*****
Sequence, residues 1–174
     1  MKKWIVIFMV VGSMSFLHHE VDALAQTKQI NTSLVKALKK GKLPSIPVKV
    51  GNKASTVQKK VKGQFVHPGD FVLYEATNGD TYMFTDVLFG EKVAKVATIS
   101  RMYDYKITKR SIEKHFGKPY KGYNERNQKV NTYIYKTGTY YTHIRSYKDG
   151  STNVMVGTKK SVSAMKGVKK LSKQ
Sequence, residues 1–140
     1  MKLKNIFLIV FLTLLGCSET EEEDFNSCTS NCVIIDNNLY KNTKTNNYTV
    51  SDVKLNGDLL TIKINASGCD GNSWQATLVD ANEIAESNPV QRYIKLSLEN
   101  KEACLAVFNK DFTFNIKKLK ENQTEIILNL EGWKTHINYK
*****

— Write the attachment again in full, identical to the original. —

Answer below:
Sequence, residues 1–174
     1  MKKWIVIFMV VGSMSFLHHE VDALAQTKQI NTSLVKALKK GKLPSIPVKV
    51  GNKASTVQKK VKGQFVHPGD FVLYEATNGD TYMFTDVLFG EKVAKVATIS
   101  RMYDYKITKR SIEKHFGKPY KGYNERNQKV NTYIYKTGTY YTHIRSYKDG
   151  STNVMVGTKK SVSAMKGVKK LSKQ
Sequence, residues 1–140
     1  MKLKNIFLIV FLTLLGCSET EEEDFNSCTS NCVIIDNNLY KNTKTNNYTV
    51  SDVKLNGDLL TIKINASGCD GNSWQATLVD ANEIAESNPV QRYIKLSLEN
   101  KEACLAVFNK DFTFNIKKLK ENQTEIILNL EGWKTHINYK